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Teen Suicide Prevention Week: Warning signs and how to identify them

19 February 2021 7:16 PM

Clinical psychologist Nkateko Ndala-Magoro and Survivors of Loved Ones Suicide founder Joy Chiang shed more light on the matter

Teen Suicide Prevention Week highlights awareness especially around teen depression. As the COVID-19 pandemic has worsened across the globe and increased stressors for many, the mental health of children and teens has been affected to a large extent.

According to the World Health Organisation, suicide is the third leading cause of death in 15-19-year-olds.

This week on 702 we’re marking Teen Suicide Prevention Week with our partner South African Depression and Anxiety Group (Sadag).

Sadag is Africa’s largest mental health support and advocacy group.

Aubrey Masango tackles the matter with clinical psychologist Nkateko Ndala-Magoro and Survivors of Loved Ones Suicide founder Joy Chiang.

The most important thing is that suicide is preventable. Most people will say: If somebody wants to kill themselves why don't you let them?' But research has shown that the more you delay a person acting to their suicidality, the more that they get help the more that they are obviously not successful to commit suicide.

Nkateko Ndala-Magoro, Clinical psychologist

ALSO READ: [Teen Suicide: Let's normalise conversation about depression - Shudufhadzo Musida](http://Teen Suicide: Let) ALSO READ: Teen Suicide Prevention Week: It's very important to ask: 'How can I help you?'

The act of suicide is quite impulsive, that is why this kind of a week is very important because the message that we want to drive across is that it is preventable and help is out there.

Nkateko Ndala-Magoro, Clinical psychologist

Some disorders can lead to high suicidal thoughts. For example, if you are severely depressed you run a higher risk of being suicidal than somebody who is not, not to say also that in the absence of pathology, in the absence of a mental disorder somebody cannot suicide.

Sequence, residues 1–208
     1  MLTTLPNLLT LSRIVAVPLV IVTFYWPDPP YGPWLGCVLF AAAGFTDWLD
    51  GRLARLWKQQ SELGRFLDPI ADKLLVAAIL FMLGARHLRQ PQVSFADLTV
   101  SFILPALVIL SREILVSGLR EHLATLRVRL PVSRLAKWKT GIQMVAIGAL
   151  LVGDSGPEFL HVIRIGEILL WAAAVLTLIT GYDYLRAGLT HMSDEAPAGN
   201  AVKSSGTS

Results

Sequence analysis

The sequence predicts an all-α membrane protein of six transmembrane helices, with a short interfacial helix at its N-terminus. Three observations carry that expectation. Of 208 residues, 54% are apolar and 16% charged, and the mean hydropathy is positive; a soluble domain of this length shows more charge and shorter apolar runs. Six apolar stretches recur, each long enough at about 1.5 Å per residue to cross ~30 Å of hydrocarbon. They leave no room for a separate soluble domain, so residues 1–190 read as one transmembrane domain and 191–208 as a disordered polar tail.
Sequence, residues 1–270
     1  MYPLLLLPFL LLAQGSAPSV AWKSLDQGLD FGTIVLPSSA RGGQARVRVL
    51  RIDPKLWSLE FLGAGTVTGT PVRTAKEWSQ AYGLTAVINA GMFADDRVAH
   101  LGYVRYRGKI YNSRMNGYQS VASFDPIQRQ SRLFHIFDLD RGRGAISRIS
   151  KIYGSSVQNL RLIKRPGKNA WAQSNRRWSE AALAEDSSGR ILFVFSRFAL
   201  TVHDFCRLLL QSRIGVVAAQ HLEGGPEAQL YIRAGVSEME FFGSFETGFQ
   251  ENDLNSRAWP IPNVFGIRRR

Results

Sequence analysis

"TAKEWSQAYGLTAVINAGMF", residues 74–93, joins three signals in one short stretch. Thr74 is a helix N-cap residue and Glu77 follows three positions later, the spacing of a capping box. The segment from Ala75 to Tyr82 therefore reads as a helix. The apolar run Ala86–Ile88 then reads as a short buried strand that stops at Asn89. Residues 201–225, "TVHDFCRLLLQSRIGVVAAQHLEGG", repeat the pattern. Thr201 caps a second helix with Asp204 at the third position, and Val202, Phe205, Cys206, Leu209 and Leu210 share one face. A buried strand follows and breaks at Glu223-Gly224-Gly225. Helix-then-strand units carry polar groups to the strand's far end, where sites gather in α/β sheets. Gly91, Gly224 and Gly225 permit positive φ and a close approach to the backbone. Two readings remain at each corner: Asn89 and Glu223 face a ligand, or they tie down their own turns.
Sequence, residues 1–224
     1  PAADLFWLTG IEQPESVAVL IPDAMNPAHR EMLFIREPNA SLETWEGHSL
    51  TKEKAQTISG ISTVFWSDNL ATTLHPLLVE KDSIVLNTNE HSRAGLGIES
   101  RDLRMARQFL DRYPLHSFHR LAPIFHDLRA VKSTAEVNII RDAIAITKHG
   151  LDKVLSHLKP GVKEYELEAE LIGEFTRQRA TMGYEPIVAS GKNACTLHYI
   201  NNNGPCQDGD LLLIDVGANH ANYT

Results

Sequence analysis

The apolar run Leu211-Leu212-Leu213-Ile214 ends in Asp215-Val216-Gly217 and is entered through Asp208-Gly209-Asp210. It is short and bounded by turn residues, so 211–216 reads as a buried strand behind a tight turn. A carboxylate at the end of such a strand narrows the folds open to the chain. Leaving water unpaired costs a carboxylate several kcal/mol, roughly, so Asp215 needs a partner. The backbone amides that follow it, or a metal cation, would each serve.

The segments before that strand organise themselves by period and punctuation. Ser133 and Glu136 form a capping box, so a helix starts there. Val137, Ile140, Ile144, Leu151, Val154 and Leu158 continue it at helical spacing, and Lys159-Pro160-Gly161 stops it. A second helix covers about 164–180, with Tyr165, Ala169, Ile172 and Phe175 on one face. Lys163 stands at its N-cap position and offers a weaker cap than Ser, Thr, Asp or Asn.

Nkateko Ndala-Magoro, Clinical psychologist

There is a high risk when somebody is already down, when they are feeling hopeless, when they are feeling helpless and that there is no future and there is nothing else that can help them in their desperate cry, that they will commit suicide rather than being randomly overwhelmed with life and you have been well functioning and surrounded by support.

Nkateko Ndala-Magoro, Clinical psychologist

We get people across the board coming to us after they had lost someone to suicide. The family comes to the support group meetings. We analyse and go back and talk through that last month or so. A lot of the times they then realise that there were signs but because they were not aware of them they actually didn't pay attention.

Joy Chiang, Founder - Survivors of Loved Ones Suicide

We need to create awareness and make people understand there are warning signs and what to look for. The more we talk about suicide, the more we can help people prevent it because of the more knowledge they have.

Joy Chiang, Founder - Survivors of Loved Ones Suicide

What are the signs? What should we be aware of that will lead us to do something that may save specifically young ones' lives?

Psychologists would say if you see the same behaviour going on for more than two weeks then it is something that needs to be treated professionally.

Joy Chiang, Founder - Survivors of Loved Ones Suicide

Teenagers are going through a developmental stage during which they are looking for identity, social belonging. They either belong to groups or they are ostracised, now with social media it's even becoming worse. People are comparing themselves according to what they see knowing well that these are filters.

Nkateko Ndala-Magoro, Clinical psychologist

We saw a spike in suicidality during the lockdown because of Covid-19. There were calls into the Sadag helpline and Lifeline because of some sense of loss of social interaction, loss through death of loved ones, loss through breakups, substances use, peer pressure and access to legal weapons and dangerous objects.

Nkateko Ndala-Magoro, Clinical psychologist

Having access to something that exposes you to danger also heightens the risk of suicidality. Humiliation especially on social media where people really take on each other and people who are just impulsive in their own actions and behaviour.

Nkateko Ndala-Magoro, Clinical psychologist

What I would also want to highlight is a family history of suicide as well.

Nkateko Ndala-Magoro, Clinical psychologist

Listen below for the full interview...




19 February 2021 7:16 PM

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